Joe Cole during the Premier League match between West Ham United and Sunderland at Upton Park, London, April 2002.

Celebrating Joe Cole literally dancing with the devil & rouletting Roy Keane

Squaring up against Roy Keane during his Manchester United heyday, whether physically or metaphorically, was the footballing equivalent of turkeys petitioning for a monthly Christmas. 

Keane, with his insatiable will-to-win and infamously short fuse, would often win the mythical ‘midfield battle’ through sheer reputation alone. Countless Premier League midfielders required a change of shorts after encountering the Irishman in the Old Trafford tunnel.

This isn’t to do Keane a disservice; he wouldn’t have patrolled United’s midfield for over a decade if he was merely Lee Cattermole with an eye for a forward pass.

But it’s worth emphasising the cojones required to stick to your guns, have belief in your own ability and let your feet do the talking when United’s resident grizzly bear was your direct opponent.

In that vein, we can only salute Joe Cole for defying Noughties convention and leaving Keane spluttering helplessly like a broken locomotive during a Premier League match.

Manchester United were hunting for their fourth successive league title when they travelled to West Ham in March 2002.

While United were blessed with an embarrassment of riches, West Ham had made Upton Park a fortress and, with the likes of Cole, Paolo Di Canio, Frederic Kanoute and Trevor Sinclair in the side, possessed players capable of bloodying anybody’s nose in a one-off match.

A minor Barclays classic unfolded; West Ham took the lead twice before, like a pile of strawberry laces, United picked at them long enough to make Glenn Roeder’s side unravel into a purple-ish sticky mess.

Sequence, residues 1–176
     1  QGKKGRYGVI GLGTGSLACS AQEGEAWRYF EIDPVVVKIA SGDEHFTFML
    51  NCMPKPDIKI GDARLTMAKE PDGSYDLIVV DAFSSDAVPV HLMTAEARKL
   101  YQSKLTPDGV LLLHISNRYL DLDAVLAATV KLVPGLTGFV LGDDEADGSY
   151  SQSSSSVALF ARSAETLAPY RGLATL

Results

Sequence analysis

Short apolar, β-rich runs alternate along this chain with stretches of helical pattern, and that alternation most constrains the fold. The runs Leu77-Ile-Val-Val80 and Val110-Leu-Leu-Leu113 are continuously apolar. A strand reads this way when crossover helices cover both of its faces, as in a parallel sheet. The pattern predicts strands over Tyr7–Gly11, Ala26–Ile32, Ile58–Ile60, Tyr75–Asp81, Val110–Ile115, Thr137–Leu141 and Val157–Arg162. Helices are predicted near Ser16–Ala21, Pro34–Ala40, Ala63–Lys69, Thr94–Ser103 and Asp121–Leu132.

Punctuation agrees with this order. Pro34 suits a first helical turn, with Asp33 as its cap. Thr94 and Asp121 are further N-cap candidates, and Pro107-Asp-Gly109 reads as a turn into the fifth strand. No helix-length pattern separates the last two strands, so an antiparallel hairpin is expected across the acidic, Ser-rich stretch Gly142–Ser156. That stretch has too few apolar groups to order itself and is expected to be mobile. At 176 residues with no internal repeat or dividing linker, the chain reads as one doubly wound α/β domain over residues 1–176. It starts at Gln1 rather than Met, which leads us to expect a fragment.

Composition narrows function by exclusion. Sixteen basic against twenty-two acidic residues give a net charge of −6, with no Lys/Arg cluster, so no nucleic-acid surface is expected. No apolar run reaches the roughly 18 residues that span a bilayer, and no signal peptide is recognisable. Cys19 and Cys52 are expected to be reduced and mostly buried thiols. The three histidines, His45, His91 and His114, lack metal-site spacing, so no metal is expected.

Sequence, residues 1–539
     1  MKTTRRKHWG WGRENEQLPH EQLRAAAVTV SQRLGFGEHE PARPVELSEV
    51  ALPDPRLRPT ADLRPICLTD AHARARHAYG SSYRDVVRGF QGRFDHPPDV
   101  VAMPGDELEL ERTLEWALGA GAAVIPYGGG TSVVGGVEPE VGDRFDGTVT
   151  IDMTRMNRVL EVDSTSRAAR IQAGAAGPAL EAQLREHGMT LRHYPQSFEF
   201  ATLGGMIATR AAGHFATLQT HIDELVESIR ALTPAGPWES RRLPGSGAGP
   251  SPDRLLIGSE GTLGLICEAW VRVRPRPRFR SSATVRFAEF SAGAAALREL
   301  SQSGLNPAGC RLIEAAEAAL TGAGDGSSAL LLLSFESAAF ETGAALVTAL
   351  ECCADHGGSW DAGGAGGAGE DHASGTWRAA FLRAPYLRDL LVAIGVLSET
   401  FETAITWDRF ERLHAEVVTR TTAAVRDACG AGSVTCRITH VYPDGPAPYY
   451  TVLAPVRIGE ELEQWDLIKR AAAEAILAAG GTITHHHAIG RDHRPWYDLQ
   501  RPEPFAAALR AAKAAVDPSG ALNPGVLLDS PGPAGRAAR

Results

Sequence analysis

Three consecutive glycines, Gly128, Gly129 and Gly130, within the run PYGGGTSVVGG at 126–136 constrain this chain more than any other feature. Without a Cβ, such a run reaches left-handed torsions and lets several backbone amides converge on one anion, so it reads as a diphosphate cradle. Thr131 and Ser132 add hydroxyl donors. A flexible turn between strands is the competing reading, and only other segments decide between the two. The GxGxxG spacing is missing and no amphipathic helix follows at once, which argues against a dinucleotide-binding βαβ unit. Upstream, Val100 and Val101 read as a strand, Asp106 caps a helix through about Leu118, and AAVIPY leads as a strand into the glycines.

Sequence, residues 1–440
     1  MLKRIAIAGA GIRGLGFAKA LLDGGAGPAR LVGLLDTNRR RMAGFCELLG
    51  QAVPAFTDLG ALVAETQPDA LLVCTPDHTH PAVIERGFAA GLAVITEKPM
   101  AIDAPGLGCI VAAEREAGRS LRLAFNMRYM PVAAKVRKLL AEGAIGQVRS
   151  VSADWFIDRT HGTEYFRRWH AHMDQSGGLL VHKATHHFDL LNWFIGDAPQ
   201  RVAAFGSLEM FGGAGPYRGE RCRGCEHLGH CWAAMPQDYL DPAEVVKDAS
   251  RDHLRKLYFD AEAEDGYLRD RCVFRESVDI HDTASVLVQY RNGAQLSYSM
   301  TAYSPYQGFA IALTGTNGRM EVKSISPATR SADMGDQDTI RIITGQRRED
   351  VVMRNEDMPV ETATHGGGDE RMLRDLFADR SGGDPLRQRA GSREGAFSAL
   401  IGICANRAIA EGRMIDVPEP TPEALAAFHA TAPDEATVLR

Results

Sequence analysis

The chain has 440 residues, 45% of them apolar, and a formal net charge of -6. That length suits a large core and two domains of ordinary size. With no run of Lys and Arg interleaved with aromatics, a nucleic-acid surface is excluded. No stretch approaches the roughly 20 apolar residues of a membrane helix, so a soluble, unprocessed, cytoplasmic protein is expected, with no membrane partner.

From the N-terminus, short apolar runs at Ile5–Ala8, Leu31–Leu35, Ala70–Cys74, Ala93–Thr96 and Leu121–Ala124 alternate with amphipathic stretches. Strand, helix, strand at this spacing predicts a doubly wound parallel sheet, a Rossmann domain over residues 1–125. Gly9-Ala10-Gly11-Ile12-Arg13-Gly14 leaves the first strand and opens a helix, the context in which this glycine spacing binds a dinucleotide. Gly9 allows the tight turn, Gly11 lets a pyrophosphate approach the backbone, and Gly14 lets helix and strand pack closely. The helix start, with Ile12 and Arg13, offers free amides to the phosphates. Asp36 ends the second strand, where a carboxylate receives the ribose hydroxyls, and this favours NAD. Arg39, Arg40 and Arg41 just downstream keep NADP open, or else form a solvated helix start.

As the goals flew in and the chilling March rain tumbled down, Cole made the rookie error of setting up residency in Keane’s personal space.

In the manner of a frustrated racehorse, the United captain threw a limb in the direction of Cole’s neck. Verbal obscenities were shared between them as the West Ham midfielder gesticulated his innocence.

Agitated by the referee’s refusal to remove splinters from his a*se, get down from the fence and discipline Keane, Cole would deliver his own form of revenge.

Receiving the ball from Sebastian Schemmel, the bottle-blond midfielder waited until he could feel Keane’s breath on his neck before pirouetting away from the United man with a filthy piece of skill that sent the Irishman in the direction of Canning Town.

No wonder the Upton Park crowd whooped with awe-inspired acclaim; forget that United would win the match 5-3, this was the real quiz. And Cole had turned Keane into the victim of a Victorian pickpocketing.

Cole was the very definition of a fantasy footballer during this period, treating each Premier League match as the chance to pull off the most outlandish pieces of skill away from the straight-jacketed win-at-all-cost environment of the biggest sides.

It’s well-documented that, despite the trophies he’d later win at Chelsea, Jose Mourinho would emphasise structure over sorcery from Cole at Stamford Bridge. While effective, it remains a crying shame that such impudent moments of magic were coached out of the playmaker’s game.

But perhaps Mourinho was acting in Cole’s best interests; not many square up to Roy Keane and live to tell the tale. It’s possible that he wouldn’t have lived to tell the tale of any second attempt.

By Michael Lee

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